Apr 3, 2012

The Haredi Families Need Schools Too

According to this report on Haaretz, the latest battle in Jerusalem is over the Ramat Eshkol neighborhood.

What was once a very strong secular-dati neighborhood has in the past 10 years or so become increasingly haredi. Many young couples in which the husband learns in one of the many nearby yeshivot have been moving to Ramat Eshkol. The truth is, I did not think this was a fight. i thought this had already been "decided" a while ago, with so many haredi families moving in, it was already a fait accompli that the eighborhood had been taken over, if not just turned significantly haredi. And it was all, for the most part, peaceful, which was nice.

Suddenly, however, it is becoming a fight. As the City has just approved a number of schools and comlexes for the haredi community, the secular residents now feel threatened.

I get it that people are worried over losing what they have considered their neighborhood for so long. I do not understand what they expect to happen from here on in. After their neighbors had no problem selling their homes to haredi families, where do they expect these families to send their kids to schools? Where will these families daven? Where will they go for activities?

By necessity, and it is only reasonable, these people will need schools and shuls and community centers and parks and everything else that provides services normally used by residents in any other neighborhood. It does not make sense to complain now. they moved in already - now they need schools. If they wanted to complain or make a plan to prevent a "takeover", that should have happened years ago, before the mass move to Ramat Eshkol. By now that ship has sailed.

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9 comments:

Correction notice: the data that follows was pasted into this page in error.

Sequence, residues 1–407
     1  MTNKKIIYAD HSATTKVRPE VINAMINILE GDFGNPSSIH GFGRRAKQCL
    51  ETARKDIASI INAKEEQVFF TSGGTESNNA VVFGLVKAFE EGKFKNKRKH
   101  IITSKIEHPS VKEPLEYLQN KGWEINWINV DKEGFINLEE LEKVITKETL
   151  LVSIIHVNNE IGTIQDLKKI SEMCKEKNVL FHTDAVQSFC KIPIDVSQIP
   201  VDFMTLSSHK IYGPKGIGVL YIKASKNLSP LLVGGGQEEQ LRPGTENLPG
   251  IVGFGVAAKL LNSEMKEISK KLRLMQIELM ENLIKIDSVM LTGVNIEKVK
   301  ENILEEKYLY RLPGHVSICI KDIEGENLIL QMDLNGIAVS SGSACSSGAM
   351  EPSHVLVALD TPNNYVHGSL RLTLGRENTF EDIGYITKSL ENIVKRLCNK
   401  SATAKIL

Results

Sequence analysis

1. "these people will need schools and shuls..."

    "Listen to yourself.... Next thing you know you're saying they should have their own schools!"
    -Cosmo Kramer

    ReplyDelete
  2. It's definitely problematic to prevent Charedim from gradually taking over a neighborhood. But in terms of what people 'expect to happen from here on in', maybe people don't take it for granted that public money should go to schools and shuls for people who've made an ideaology out of paying so little in taxes. That's also not easy to prevent from a legal standpoint but it's easy to understand where the bitterness is coming from.

    ReplyDelete
    Replies
    1. Anon 3:53,

      You really think that's the issue? If so, they would make a stink any time any chareidi school is built with public money, anywhere. And it wouldn't be limited to people living in Ramat Eshkol.

      Delete
    2. Non-Charedim in Israel have no patience for the Charedi lifestyle but they don't dwell on it all the time. The (understandable) bitterness among mainstream Israelis tends to surface whenever an issue like this one or the recent events in Bet Shemesh focuses their minds on the rapidly growing minority that doesn't contribute to society in ways they should

      Delete
  3. I agree that haredim need schools and parks and other resources.
    So WHY WHY WHY were the new haredi neighborhoods in Ramat Beit Shemesh planned with TOO FEW schools? Moshe Montag of UTJ did this to lower the price of the apartments, of course. After the residents move in, they could act surprised at the situation and then complain about discrimination against haredim --- conveneiently forgetting that it was THEIR POLITICIANS who INSISTED on planning it this way.

    Or maybe they could stage some rallies outside of non-haredi schools to take them over (complete with tehillim and shofars).

    NOTE - this comment is probably less relevant for a veteran neighbrohood like Ramot which was built years ago, and where the population seems to be changing. However, I note the hypocrisy that when the haredi politicians have a chance to obtain HAREDI-FUNDED schoools, they are MUCH less enthusiatic then when there is an opportunity to transfer ownership of an existing school.

    ReplyDelete
    Replies
    1. HAREDI-FUNDED? Isn't that an oxymoron?

      Delete
  4. the issue does not seem to be one of money, such as claims of you are giving them too many resources based on the level of taxes they pay. they are, legitimately perhaps, scared of losing what remains of their neighborhood. they are worried there will suddenly be separate lines at the supermarket, streets will be closed on shabbos, maybe their shabbos activities will be protested, if there is a movie theater or other entertainment spots maybe they will be targeted to be shut down, etc.
    Their concerns are legitimate and understandable. Haredi kids still need schools just like the secular kid do

    ReplyDelete

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